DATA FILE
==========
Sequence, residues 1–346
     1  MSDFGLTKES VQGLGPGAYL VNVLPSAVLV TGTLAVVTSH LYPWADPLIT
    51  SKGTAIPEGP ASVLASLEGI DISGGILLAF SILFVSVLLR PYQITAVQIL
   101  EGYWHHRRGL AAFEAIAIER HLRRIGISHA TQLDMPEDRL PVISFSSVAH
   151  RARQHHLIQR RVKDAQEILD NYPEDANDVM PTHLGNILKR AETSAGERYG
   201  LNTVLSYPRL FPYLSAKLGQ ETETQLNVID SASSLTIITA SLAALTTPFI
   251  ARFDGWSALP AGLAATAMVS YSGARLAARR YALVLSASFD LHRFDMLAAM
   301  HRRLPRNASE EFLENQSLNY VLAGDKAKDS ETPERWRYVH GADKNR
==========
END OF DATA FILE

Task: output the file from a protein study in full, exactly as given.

Sequence, residues 1–346
     1  MSDFGLTKES VQGLGPGAYL VNVLPSAVLV TGTLAVVTSH LYPWADPLIT
    51  SKGTAIPEGP ASVLASLEGI DISGGILLAF SILFVSVLLR PYQITAVQIL
   101  EGYWHHRRGL AAFEAIAIER HLRRIGISHA TQLDMPEDRL PVISFSSVAH
   151  RARQHHLIQR RVKDAQEILD NYPEDANDVM PTHLGNILKR AETSAGERYG
   201  LNTVLSYPRL FPYLSAKLGQ ETETQLNVID SASSLTIITA SLAALTTPFI
   251  ARFDGWSALP AGLAATAMVS YSGARLAARR YALVLSASFD LHRFDMLAAM
   301  HRRLPRNASE EFLENQSLNY VLAGDKAKDS ETPERWRYVH GADKNR